This is excellent.  On the diapers especially.  It tells you the problems of disposable diapers.  OK.  It tells you how much water you'd use to wash reusable diapers.  OK. They neglected including the electricity and chemicals involved in that.  And then they just move on offering no solution or guide to which is better.  What do you want, everyone to just not diaper their kids?  

 

BTW, I hope you don't think I'm being informed about our ecological footprint.  Its huge.  Just offer some better alternatives if you don't like what we have now.  


And always keep in mind: Cognitive biases, like seeing optical illusions are a sign of a normally functioning brain. We all have them, it’s nothing to be ashamed about, but it is something that affects our objective evaluation of reality. 

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9 minutes ago, Summit said:

 

The more greenhouse gases in the atmosphere the greater the greenhouse effect. There is no doubt about that, none. Should greenhouse gas emissions continue at present rate it will cause severe negative effects on all from economy, ecosystems and biodiversity to human livelihood.

 

It’s true that a higher levels of CO2 can result in increased plant growth, but only up to a point after that there will be no positive effects. The main problem for plants is not the level of CO2 its water and climate.

Don't disagree at all.  What can be done about it that really works or is workable? 

Suppose everyone agrees starting next month, to stop activities to the point C02 emissions drop to 10% the current level?  You do realize there are lots of bad effects to doing something like that.  So how to you get there without causing lots of bad problems elsewhere in the process?  I'm all for it.  I just don't see how that works right now.  Not because I don't think there is a way, or that it is impossible, but this is a big complex global problem and touching the tar baby doesn't even get you close the stickiness of this problem.  Most of the offered oversimplified solutions have ill effects themselves, and aren't enough.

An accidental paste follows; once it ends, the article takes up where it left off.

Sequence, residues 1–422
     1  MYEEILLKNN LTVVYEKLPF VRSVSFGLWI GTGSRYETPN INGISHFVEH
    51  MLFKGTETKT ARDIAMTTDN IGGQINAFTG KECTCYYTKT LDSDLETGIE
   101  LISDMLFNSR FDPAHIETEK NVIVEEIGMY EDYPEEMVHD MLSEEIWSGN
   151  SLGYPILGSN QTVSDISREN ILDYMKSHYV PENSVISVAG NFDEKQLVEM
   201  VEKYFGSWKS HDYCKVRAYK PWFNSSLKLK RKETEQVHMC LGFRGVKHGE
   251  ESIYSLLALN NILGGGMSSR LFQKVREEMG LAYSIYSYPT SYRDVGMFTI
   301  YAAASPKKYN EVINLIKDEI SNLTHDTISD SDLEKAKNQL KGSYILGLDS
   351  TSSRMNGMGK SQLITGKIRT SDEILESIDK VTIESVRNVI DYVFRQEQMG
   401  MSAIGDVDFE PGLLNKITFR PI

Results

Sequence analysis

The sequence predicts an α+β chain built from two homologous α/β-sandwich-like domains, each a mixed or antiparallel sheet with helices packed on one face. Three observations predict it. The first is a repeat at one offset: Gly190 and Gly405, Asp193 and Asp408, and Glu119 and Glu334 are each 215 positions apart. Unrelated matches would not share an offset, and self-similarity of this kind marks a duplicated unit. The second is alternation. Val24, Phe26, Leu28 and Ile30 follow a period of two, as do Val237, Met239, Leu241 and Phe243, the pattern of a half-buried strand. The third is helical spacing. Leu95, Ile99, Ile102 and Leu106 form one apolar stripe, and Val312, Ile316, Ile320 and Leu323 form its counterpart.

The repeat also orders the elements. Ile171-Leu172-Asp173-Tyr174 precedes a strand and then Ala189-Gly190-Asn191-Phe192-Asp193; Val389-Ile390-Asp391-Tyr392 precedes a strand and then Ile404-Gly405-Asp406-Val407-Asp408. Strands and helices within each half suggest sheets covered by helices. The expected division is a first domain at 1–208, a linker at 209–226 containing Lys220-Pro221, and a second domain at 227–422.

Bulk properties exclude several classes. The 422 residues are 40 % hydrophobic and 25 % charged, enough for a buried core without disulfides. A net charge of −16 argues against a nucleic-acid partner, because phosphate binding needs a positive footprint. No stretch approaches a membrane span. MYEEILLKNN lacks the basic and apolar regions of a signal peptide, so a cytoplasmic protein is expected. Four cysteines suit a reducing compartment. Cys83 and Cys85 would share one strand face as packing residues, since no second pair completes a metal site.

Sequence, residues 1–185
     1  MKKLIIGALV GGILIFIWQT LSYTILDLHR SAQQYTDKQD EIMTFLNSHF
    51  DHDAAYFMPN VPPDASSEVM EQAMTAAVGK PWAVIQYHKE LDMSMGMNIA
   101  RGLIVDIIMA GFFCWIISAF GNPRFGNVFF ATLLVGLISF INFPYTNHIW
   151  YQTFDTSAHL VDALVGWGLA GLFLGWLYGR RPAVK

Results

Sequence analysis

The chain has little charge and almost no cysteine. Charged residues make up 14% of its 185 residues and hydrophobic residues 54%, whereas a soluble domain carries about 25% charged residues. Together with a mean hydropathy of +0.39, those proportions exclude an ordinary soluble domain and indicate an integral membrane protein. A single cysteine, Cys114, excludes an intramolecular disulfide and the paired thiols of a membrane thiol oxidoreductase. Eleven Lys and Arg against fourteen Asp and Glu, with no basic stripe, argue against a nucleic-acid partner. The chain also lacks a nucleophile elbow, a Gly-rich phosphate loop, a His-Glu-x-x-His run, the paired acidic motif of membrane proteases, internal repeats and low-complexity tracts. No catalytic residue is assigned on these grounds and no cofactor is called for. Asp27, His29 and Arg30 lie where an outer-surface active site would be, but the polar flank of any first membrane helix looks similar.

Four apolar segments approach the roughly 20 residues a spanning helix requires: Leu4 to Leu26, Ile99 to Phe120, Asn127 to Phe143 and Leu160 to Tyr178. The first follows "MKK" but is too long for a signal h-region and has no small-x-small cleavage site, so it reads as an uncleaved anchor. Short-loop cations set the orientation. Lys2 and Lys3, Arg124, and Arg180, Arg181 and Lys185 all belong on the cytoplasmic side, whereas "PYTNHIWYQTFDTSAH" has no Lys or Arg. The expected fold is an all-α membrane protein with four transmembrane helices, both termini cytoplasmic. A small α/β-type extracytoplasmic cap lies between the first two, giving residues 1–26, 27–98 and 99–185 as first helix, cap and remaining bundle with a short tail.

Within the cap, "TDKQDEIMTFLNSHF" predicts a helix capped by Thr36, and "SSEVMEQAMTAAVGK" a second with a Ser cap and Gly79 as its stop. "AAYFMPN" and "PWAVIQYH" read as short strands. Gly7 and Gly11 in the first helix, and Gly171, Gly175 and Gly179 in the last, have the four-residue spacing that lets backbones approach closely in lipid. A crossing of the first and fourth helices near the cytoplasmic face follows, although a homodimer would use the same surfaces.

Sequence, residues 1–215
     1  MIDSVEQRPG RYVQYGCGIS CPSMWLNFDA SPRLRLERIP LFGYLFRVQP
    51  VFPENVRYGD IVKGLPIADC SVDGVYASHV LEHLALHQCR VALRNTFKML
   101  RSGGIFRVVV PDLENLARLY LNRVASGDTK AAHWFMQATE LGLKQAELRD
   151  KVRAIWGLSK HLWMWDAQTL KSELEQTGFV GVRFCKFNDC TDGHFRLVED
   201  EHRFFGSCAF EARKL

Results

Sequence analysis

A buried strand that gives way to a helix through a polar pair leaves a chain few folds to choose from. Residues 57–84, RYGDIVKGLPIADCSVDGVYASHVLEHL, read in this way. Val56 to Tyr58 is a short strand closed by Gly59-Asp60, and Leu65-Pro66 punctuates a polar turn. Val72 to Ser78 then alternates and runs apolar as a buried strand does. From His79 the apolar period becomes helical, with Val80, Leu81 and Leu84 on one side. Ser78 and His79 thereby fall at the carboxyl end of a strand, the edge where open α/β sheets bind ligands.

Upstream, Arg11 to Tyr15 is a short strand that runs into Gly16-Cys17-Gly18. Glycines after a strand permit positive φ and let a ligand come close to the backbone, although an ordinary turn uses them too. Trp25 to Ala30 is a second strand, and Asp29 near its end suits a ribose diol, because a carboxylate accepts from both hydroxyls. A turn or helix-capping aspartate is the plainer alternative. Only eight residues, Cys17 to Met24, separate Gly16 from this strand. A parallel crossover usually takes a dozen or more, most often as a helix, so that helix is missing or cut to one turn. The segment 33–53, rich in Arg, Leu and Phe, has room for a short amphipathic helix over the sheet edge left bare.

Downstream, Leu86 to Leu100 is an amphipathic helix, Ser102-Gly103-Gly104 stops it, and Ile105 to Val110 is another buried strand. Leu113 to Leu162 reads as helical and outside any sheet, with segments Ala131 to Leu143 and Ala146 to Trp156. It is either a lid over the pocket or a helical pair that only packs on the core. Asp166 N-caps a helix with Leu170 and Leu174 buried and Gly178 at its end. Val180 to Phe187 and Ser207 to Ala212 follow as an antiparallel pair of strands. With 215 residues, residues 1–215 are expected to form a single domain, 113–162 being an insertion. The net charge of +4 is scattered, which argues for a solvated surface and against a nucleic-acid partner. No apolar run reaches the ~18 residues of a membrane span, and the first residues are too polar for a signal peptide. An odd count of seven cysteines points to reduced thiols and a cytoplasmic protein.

And always keep in mind: Cognitive biases, like seeing optical illusions are a sign of a normally functioning brain. We all have them, it’s nothing to be ashamed about, but it is something that affects our objective evaluation of reality. 

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7 minutes ago, semente said:

 

If a crop stops feeding a bug a bug starves. This affects the balance. Not to feed starved mouths but for profit. And there are hints at health risks. Which is why we have a very strict GMO policy in Europe. Which is why Trump wants to destroy the EU.

 

And now the topic has turned to politics and will soon be closed.

Trump derangement syndrome.  Trump has plenty of bad qualities for real.  But because Europe has a strict GMO policy he wants to destroy the EU? hahahahahahahahahahahahahahahahahahahahahaha!

 

Given the results of the recent EU elections I guess Trump has evilly influenced them somehow.  Or was it Putin and Russia who are responsible in a shadow operation once again?  Man all this evil is gonna kill us all.  You should feel better.  We don't have to worry about global warming with these folks around. 


And always keep in mind: Cognitive biases, like seeing optical illusions are a sign of a normally functioning brain. We all have them, it’s nothing to be ashamed about, but it is something that affects our objective evaluation of reality. 

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3 minutes ago, PeterSt said:

So, you guys seem to eat 5442 hot dogs in your life time. I maybe 2 or 3 a year. I plan to reach 100 so that is ~250 hot dogs in my life time.

Btw, I suppose that one of them was thrown at me at independence day because I happened to pass by.

 

image.png.44803ebb87ffe09877207bad37b474d8.png

It is all those Hot Dog eating contests on the 4th of July.  They throw the average off by a lot. :)


And always keep in mind: Cognitive biases, like seeing optical illusions are a sign of a normally functioning brain. We all have them, it’s nothing to be ashamed about, but it is something that affects our objective evaluation of reality.